W. H. Auden wrote some of the greatest love poetry of the twentieth century. This book contains ten of his poems about love. They range in mood from the exhilaration of a new love affair, through love's anxieties and fears, to the sorrow that comes with the end of love.
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The publication of this slender volume was inspired by the runaway success of Four Weddings and a Funeral, in which Auden's "Funeral Blues" practically stole the show. Yet every poem in the collection delivers some grandiose or mundane truth about love. There is, for example, the playful "Calypso," in which the recently transplanted Briton anticipates a rendezvous at New York's Grand Central Station: "For there in the middle of that waiting-hall, / Should be standing the one that I love best of all." Several of the pieces here share that jolly air and belting rhythm--in fact, Auden wrote a few of them as cabaret songs. Yet in a poem like "Funeral Blues," the poet's Cole Porter-like flippancy can't mask the underlying sense of grief. "Put crepe bows round the white necks of the public doves," he suggests, and declares the very emblems of romance redundant: "The stars are not wanted now; put out every one." Finally, there is "Lullaby," one of the great love poems of this century. With immense mystery and power, Auden evokes the preciousness of a single night of passion.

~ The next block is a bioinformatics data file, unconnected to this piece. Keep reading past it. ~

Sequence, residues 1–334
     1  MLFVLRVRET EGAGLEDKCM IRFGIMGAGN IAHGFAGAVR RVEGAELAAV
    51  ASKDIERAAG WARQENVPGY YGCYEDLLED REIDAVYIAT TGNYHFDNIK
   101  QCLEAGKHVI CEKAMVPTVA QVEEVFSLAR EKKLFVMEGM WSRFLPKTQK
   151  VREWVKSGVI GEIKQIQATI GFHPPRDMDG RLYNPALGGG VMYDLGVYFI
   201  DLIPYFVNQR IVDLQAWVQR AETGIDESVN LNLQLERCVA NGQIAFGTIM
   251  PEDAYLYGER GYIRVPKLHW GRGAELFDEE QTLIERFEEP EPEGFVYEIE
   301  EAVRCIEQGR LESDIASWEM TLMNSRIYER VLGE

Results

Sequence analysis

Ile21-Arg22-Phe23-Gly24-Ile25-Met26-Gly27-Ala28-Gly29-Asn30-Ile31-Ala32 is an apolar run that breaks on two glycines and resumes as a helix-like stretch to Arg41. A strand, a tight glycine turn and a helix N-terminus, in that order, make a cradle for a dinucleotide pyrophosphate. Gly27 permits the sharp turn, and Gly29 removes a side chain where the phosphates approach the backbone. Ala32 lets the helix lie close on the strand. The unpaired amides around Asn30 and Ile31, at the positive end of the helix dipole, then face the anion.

Time and fevers burn awayLeaving much unexplained, the poet lingers nonetheless over his heartbreaking particulars--and draws the reader back again and again: "Lay your sleeping head, my love, / Human on my faithless arm..." What an astonishing opener. --Cherry Smyth About the Author:
Individual beauty from
Thoughtful children, and the grave
Proves the child ephemeral:
But in my arms till break of day
Let the living creature lie,
Mortal, guilty, but to me
The entirely beautiful.
W. H. Auden was born in York in 1907 and brought up in Birmingham. His first book, Poems, was published by T. S. Eliot at Faber in 1930. He went to Spain during the civil war, to Iceland (with Louis MacNeice) and later travelled to China. In 1939 he and Christopher Isherwood left for America, where Auden spent the next fifteen years lecturing, reviewing, writing poetry and opera librettos, and editing anthologies. He became an American citizen in 1946, and was awarded the Pulitzer Prize in 1948. In 1956 he was elected Professor of Poetry at Oxford, and a year later went to live in Kirchstetten in Austria, after spending several summers on Ischia. He died in Vienna in 1973.
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Book Description Random House Audio, 1994. Audio Cassette. Book Condition: New. Never used!. Bookseller Inventory # P110679438769